<meta charset="utf-8">
<meta name="viewport" content="width=device-width, initial-scale=1">
<title>
{{- if .Page.IsHome -}}
{{ .Site.Title }}
{{- else -}}
{{ .Title }} – {{ .Site.Title }}
{{- end -}}
</title>
<meta name="author" content="{{ .Site.Params.author }}">
<meta name="description" content="
{{- with .Page.Description -}}
{{ . }}
{{- else -}}
{{ .Site.Params.description }}
{{- end -}}">
<link rel="stylesheet" href="{{ "css/style.css" | relURL }}">
{{ range .AlternativeOutputFormats -}}
{{- $link := `<link rel="%s" type="%s" href="%s" title="%s">` -}}
{{- $title := printf "%s - %s" $.Page.Title $.Site.Title -}}
{{- if $.Page.IsHome -}}
{{ $title = $.Site.Title }}
{{- end -}}
{{ printf $link .Rel .MediaType.Type .Permalink $title | safeHTML }}
{{- end }}
</head>


2. Rendering Content as JSON

GoHugo also supports JSON format files, which means you can use Hugo to create JSON APIs that can be consumed from other applications. Unlike RSS feeds, we need to create a layout for JSON file output, and we have to specify which pages on our website should use the JSON file output type.


To explore JSON files in GoHugo, we will create a JSON list of project pages containing the title and URL for each project page, which can then be used from other applications. The resulting file will look like this.

{
"projects": [
{
"url": "http://example.org/projects/awesomeco/",
"title": "Awesomeco",
},
{
"url": "http://example.org/projects/jabberwocky/",
"title": "Jabberwocky",
}
]
}
As a first step in creating a file in JSON format, we create a new file called "list.json". Use the command below to create the file "/var/blog/blogspot/themes/basic/layouts/projects/list.json" and insert the script below into the file.

root@ns1:/var/blog/blogspot # touch /var/blog/blogspot/themes/basic/layouts/projects/list.json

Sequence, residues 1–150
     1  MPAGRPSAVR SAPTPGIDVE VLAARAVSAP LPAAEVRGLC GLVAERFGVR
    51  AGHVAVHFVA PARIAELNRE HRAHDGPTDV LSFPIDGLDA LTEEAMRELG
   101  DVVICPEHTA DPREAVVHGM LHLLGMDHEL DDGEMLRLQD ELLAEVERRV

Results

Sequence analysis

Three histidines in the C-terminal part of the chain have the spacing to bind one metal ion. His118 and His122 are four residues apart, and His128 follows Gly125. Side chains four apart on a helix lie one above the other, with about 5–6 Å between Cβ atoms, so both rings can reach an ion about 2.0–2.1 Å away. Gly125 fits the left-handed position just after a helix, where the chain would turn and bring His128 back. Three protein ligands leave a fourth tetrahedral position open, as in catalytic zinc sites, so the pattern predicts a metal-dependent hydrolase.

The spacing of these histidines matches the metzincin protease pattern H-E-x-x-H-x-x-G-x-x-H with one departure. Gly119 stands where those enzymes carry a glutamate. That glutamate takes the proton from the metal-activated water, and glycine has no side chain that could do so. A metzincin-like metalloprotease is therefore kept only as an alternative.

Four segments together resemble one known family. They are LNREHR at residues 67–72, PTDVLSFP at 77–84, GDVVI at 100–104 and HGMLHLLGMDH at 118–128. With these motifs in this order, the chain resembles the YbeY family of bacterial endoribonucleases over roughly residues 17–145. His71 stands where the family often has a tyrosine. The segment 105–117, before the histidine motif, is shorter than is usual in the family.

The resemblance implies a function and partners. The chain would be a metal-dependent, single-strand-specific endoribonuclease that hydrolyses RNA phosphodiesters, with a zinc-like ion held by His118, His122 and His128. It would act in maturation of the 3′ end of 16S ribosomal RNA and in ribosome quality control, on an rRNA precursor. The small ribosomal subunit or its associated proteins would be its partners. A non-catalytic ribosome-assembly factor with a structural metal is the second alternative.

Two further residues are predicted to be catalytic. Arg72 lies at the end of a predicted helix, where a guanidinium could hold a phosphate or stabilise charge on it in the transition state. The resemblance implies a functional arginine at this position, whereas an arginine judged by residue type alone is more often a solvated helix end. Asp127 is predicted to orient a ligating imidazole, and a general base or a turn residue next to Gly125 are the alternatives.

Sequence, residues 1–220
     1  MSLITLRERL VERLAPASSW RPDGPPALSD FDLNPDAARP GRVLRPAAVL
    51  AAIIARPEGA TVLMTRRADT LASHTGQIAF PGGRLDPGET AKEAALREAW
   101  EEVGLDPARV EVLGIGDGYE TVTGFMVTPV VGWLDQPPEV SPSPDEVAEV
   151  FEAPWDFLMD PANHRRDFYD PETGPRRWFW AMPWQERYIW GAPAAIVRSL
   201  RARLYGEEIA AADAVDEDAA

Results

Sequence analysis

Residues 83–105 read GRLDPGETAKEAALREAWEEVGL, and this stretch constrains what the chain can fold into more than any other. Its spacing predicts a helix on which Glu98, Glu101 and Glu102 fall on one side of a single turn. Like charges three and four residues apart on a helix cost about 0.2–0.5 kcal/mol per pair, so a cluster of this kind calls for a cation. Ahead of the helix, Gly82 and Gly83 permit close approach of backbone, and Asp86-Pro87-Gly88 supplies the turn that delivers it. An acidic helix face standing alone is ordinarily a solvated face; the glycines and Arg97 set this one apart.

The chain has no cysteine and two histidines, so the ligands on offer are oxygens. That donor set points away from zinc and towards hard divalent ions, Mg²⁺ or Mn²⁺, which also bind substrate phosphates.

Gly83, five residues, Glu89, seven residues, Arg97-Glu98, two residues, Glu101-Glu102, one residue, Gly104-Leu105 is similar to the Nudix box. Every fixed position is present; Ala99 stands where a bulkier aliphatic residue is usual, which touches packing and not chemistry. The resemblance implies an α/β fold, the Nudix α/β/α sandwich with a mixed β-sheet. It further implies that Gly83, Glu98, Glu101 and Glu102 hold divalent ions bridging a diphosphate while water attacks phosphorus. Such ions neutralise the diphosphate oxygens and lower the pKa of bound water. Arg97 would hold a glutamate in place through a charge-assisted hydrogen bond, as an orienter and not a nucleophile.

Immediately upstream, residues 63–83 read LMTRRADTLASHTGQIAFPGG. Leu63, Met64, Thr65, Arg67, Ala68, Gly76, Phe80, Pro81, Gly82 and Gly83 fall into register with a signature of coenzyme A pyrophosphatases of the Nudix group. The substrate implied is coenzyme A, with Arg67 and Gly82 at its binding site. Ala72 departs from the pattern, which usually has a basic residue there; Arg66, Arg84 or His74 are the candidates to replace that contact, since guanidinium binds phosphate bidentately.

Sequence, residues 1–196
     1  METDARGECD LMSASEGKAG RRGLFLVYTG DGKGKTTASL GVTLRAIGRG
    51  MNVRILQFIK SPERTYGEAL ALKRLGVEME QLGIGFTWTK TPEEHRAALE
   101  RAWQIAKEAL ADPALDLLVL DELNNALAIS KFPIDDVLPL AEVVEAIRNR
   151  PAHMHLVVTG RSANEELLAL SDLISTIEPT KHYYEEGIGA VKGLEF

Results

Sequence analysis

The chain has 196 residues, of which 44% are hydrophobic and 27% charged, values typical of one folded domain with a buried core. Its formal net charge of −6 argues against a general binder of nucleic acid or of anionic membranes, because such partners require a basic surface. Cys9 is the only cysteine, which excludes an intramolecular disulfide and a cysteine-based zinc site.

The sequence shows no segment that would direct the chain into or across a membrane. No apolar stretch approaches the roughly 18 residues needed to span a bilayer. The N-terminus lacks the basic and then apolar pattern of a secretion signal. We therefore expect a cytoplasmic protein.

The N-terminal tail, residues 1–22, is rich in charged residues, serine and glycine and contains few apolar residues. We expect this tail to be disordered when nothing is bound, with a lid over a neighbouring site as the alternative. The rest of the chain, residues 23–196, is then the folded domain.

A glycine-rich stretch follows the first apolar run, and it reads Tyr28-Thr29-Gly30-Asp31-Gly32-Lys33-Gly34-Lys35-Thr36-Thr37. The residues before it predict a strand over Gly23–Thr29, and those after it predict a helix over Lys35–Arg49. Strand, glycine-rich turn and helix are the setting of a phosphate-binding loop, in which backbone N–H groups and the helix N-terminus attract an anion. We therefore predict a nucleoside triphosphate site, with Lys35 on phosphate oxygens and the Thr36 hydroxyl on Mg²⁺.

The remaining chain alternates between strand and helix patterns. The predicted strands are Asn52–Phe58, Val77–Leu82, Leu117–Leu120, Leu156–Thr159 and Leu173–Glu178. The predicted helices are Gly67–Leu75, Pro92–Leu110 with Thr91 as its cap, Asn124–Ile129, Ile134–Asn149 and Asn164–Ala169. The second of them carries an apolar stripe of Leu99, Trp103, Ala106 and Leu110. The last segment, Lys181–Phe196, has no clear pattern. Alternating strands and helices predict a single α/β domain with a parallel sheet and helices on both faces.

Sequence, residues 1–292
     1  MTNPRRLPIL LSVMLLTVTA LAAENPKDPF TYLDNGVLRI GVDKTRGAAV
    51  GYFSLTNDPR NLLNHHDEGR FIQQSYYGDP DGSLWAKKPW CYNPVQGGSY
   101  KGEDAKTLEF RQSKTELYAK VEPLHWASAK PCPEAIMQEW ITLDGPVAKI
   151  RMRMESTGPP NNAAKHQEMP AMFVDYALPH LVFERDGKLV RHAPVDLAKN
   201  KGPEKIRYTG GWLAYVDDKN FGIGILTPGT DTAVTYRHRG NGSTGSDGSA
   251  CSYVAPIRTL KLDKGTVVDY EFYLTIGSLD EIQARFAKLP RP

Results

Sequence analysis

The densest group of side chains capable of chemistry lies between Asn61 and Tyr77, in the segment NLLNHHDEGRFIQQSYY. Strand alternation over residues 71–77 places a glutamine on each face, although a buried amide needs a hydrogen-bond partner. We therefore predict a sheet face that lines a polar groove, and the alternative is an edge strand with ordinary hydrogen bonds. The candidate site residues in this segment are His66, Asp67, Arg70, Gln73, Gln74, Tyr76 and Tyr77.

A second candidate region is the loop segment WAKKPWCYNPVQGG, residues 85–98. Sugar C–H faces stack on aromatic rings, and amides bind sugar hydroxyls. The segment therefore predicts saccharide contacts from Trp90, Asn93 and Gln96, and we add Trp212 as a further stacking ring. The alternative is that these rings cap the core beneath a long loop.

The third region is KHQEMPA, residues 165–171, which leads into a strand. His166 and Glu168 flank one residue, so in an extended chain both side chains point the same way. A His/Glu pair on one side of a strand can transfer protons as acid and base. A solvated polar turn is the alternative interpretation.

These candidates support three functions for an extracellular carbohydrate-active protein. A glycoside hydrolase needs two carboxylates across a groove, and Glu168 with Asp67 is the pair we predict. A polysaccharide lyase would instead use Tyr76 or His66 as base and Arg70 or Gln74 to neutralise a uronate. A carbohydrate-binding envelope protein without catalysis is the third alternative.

root@ns1:/var/blog/blogspot #
ee /var/blog/blogspot/themes/basic/layouts/projects/list.json

{
"projects": [
{{- range $index, $page := (where .Site.RegularPages "Type" "in" "projects") }}
{{- if $index -}} , {{- end }}
{
"url": {{ .Permalink | jsonify }},
"title": {{ .Title | jsonify }}
}
{{- end }}
]
}
In this case, the output format needs to be specified on the project list content page. Edit the content/projects/_index.md file and add the following front line to tell GoHugo to generate a JSON file in addition to the HTML and XML files it generates by default.

Now let's try to activate the GoHugo server, by typing the following command.

root@ns1:/var/blog/blogspot # hugo server --bind=192.168.5.2 --baseURL=http://192.168.5.2 --port=8999
As the final step, we see the results of our work by opening the Yandexs or Chrome web browser, in the address bar menu type "http://192.168.5.2:8999/projects/". The result will look like the following image.




We've successfully integrated some JSON data into a website we're designing, loading a GitHub repository from a publicly viewable GitHub API. Additionally, we have also used data from configuration files and individual frontends throughout our website/blog. The discussion in this article ends here, so that you are not confused about learning GoHugo and also to make learning easier. We will continue the discussion in the next article.
Iwan Setiawan

I Like Adventure: Mahameru Mount, Rinjani Mount I Like Writer FreeBSD